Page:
- Cryptic, giant: "The Engine of the Earth" (detail), by Chris Kardambikis
Myths and legends, whether the Great Flood or the Fall of the Titans, are integral to working societies. A creation story seems to be both a source and product of communal solidarity. Given that, it takes serious creative ambition to go ahead and just make one up. In From Out of This Planet Earth, now on view at the Pittsburgh Center for the Arts, artist Chris Kardambikis has done just that.
Throughout the course of eight moderately large mixed-media drawings, grounded mostly in tertiary greens and lavenders but with deep blues and reds interspersed, the viewer sees only the highlights of this new Creation. Mostly he infers what sequence he can through the recurrence of some peculiar god-creatures; recognizable mythic and religious imagery, like sacrifice through physical mutilation; and such matter-of-fact titles as "The Birth of Herakles and the Departure of the Cosmic Hermaphrodite."
Unusually numerous limbs and eyes, and godly androgyny, are present (the Cosmic Hermaphrodite looks exactly like it sounds). So is the culturally ubiquitous importance placed on birth and rebirth and great journeys. "There's just as much give and take in my work between Greek, Egyptian, Mayan, Judeo-Christian and Comic mythologies," said Kardambikis in an interview.
That last reference is important: The artist's illustrative style is true to such super-heroic origins. In one piece, elaborate systems of cranks and levers and cryptic, giant boxes that could have been lifted from a '60s issue of The Avengers make up the so-called "Engine of the Earth." The fact that they coexist undisturbed with Kardambikis's curving, sinuous rock formations and brightly colored, tightly repeating geometric patterns testifies to the artist's skill with integrating disparate formal elements.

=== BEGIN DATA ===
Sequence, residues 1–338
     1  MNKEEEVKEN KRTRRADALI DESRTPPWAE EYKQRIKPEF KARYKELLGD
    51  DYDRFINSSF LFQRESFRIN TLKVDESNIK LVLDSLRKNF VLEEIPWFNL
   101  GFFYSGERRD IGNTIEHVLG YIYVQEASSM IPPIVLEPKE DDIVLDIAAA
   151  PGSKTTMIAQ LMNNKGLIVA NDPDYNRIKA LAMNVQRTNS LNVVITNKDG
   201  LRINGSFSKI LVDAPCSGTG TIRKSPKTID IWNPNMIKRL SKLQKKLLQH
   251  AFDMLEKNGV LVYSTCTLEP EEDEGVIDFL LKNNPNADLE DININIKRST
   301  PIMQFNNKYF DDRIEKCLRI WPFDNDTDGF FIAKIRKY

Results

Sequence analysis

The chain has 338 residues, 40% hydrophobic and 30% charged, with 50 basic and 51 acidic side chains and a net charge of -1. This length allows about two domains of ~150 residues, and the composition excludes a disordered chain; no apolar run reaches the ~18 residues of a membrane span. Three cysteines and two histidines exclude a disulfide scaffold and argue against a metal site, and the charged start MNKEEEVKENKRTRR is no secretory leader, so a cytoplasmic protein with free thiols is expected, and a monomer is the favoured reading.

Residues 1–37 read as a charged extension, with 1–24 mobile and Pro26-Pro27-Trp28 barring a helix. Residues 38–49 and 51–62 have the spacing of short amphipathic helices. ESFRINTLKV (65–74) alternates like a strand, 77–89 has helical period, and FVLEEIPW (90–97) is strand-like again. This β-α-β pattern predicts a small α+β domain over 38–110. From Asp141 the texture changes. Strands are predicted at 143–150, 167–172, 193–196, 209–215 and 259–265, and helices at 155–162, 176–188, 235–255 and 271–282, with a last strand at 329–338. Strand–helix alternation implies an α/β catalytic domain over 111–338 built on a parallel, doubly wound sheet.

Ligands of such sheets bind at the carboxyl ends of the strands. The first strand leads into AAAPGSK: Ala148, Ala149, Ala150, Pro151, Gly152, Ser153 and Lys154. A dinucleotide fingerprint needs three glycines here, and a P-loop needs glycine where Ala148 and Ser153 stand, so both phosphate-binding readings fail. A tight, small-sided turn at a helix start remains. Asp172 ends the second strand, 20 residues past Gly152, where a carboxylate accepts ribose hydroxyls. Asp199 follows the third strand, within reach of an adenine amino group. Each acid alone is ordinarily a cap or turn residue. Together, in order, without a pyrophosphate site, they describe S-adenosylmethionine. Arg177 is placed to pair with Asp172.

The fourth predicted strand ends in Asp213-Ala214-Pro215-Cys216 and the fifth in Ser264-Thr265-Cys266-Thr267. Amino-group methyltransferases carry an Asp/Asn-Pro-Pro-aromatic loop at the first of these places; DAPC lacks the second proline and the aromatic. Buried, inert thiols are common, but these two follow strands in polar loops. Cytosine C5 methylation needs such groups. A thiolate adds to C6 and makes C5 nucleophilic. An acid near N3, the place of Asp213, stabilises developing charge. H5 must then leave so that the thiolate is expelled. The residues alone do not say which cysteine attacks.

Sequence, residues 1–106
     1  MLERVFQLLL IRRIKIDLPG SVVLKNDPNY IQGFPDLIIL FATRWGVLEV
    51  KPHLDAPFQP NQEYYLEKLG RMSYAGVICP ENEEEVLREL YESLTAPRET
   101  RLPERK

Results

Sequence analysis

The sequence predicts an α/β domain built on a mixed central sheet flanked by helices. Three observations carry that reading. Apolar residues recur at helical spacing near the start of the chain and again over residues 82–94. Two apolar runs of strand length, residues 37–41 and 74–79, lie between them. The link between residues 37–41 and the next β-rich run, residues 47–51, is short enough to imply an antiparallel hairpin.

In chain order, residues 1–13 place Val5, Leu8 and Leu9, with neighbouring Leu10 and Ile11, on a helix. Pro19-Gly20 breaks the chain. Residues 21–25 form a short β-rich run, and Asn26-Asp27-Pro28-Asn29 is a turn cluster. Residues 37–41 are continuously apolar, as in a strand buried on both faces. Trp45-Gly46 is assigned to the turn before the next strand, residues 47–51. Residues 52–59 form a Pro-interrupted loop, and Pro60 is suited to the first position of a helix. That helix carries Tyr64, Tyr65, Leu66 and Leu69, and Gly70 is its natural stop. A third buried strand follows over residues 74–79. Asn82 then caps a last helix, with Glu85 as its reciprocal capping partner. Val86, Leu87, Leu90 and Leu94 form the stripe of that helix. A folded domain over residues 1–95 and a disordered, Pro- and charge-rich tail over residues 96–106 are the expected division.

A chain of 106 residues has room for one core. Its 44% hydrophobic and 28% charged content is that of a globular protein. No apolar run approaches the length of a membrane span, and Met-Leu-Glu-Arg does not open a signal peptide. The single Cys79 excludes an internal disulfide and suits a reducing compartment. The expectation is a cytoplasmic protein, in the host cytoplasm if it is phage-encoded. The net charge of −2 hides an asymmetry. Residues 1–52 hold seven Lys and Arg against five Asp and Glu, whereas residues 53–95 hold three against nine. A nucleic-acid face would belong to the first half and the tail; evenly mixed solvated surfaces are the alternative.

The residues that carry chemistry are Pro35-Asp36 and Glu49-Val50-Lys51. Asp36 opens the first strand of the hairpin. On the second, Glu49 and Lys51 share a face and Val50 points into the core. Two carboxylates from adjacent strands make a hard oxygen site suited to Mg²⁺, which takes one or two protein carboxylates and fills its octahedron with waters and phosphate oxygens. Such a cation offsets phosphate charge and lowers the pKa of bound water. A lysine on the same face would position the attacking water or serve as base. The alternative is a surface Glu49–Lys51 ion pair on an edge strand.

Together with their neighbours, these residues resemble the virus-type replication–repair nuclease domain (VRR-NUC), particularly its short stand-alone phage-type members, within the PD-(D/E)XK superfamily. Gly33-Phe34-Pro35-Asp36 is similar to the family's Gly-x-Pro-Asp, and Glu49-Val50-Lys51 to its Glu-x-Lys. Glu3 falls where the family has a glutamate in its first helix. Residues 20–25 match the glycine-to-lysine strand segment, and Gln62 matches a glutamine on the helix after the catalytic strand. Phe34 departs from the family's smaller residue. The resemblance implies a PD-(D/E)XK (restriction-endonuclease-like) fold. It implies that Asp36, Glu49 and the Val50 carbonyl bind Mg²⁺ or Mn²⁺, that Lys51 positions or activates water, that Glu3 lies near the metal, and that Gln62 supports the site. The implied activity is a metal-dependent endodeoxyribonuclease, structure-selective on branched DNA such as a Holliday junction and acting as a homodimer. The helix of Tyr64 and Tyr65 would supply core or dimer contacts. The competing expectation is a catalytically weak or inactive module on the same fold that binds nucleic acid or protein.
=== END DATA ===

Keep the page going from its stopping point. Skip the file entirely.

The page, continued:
Beyond the exhibit's main body of eight drawings are three additional components, all comparably more static. In the series of five Atlantis Study pieces the artist constructs what look like set pieces for a further narrative. Perhaps Kardambikis has even more of a personal appendix of lore than he lets on, suggesting a Henry Darger-type eccentric with tomes of stashed-away storytelling. Or maybe he just knows how to tease an eager viewer loathe to give up tangible narrative potential.
The other two series, Celestial Map and Planets, respectively, provide more of this concept development. The first is a group of six ink-jet prints, Photoshopping zodiac cycles and the ever-present linear patterns in with comic-book landscapes and spacecraft, configuring and repeating imagery in diverse color and shape relationships. The second is a nine-piece, identically scaled, silk-screened portrait series of each planet in our solar system, as well as the sun, named in both English and ancient Greek. Ornamental-aesthetic liberties are taken based on the planets' particularities, like a red printed pattern that defines the rings of Saturn.
For the number of thematic and formal elements that converge in From Out of This Planet Earth, Kardambikis keeps a tight rein on rudiments like shape, color and composition. Background hues seem chosen to subtly reflect their scene's emotional quality, and the mainstay scenery of gadgetry and stalagmites bleed into flat decorative grids, or double as framing for individual scenes in the narrative. Pictorial clarity trumps the patchiness of the story, which itself exemplifies the artist's statement's idea of mythology as "malleable and participatory." Overall coherence takes a back seat, but only to open up those neural pathways to that potential for participation, and to point out that the most lastingly relevant stories aren't etched in stone. They're written in sand.
From Out of This Planet Earth continues through June 21. Pittsburgh Center for the Arts, 6300 Fifth Ave., Shadyside. 412-361-0873